Armenian Needlelace and Embroidery – Book Review

Armenian Needlelace and Embroidery: A Preservation of Some of History’s Oldest and Finest Needlework by Alice Odian Kasparian is another one of the essentials for learning and growing in the art of lacemaking. It is available new and used from Amazon, and I would purchase it used if you can. This book also includes Oya laces, patterns, step by step instructions, pictures of finished products, and the histories and stories behind the stitches.

Lace is an art, and knowing the foundations and history allow you to help that art evolve into your own expressions. Learning these histories and the language that the stitches convey will help you find a way to create your own version of what they mean to you. Yes, you can create your OWN lace stitches! These books will help you learn the basics, and from there, it’s like improvising on an instrument. Lace is forgiving – play with it!

The Traditions of Yesterday and the Cultures of Technology

As the world changes, the relationships that used to be passed down through traditions such as lacemaking are becoming less important to youth. The language of lace, particularly in Turkish Oya, is less a part of tradition than the cell phone. However, lacemakers and crafters are diligently researching to pay homage to the traditions that served generations and created cultural significance within their region.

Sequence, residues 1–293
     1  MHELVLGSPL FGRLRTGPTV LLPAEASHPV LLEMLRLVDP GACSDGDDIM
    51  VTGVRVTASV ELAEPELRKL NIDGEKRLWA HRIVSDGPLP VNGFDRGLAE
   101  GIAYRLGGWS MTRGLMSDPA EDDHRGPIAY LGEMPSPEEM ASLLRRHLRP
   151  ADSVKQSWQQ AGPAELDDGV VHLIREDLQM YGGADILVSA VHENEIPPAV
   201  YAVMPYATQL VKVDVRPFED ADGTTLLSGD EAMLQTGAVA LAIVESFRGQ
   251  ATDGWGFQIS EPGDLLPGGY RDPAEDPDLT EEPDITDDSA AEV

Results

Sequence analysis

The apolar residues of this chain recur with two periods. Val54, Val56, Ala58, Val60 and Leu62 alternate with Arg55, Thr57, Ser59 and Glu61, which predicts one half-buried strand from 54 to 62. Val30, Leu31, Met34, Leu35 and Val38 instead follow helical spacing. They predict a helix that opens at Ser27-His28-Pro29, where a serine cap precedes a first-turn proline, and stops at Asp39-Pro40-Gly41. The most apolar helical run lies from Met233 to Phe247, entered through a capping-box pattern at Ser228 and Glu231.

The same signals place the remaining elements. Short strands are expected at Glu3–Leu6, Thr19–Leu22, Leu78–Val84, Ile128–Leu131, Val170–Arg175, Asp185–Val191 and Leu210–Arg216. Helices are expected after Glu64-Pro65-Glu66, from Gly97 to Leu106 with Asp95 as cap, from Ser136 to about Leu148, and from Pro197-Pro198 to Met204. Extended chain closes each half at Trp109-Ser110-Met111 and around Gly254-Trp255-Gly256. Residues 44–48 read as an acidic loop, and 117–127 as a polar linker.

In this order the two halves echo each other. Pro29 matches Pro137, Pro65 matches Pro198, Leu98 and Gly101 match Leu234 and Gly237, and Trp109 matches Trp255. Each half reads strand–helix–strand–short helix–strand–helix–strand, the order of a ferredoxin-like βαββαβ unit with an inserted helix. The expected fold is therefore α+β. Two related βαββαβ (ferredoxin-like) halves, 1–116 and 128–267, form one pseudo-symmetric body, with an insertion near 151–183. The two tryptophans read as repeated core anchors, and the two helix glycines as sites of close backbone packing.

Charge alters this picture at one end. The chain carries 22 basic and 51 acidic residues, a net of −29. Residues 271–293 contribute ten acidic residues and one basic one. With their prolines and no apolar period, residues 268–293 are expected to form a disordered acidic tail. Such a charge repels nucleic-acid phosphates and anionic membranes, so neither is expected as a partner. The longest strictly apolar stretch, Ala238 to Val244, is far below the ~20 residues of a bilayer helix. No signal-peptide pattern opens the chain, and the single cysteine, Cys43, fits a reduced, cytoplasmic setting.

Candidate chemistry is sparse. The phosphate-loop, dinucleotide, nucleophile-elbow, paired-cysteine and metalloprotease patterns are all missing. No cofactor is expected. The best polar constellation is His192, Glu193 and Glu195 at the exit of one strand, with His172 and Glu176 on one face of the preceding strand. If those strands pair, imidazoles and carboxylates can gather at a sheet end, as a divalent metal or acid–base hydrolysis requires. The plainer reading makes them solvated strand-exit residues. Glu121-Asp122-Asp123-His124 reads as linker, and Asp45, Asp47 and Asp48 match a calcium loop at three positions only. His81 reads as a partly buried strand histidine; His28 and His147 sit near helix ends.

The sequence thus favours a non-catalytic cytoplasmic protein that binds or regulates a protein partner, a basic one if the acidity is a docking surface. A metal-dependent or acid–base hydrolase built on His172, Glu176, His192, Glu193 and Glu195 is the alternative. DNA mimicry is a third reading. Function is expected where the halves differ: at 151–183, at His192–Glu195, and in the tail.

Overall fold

As you look for tools to help you, remember that you are involved in keeping a tradition alive. As a generation who lives with such integrated technology, art like lace is often left to machines. You will find that as your hands learn the muscle movements, your mind is left peaceful and at rest while you are working. It takes time, but it is worth it, both for your own skill set, and the preservation of tradition and art.

Let me know if you’ve started on your journey with a comment below, or if you have questions about any of these incredible tools. I’ll be sharing some of the practical information found in these books and other books like them, but it’s so helpful to have the information right there while you’re working.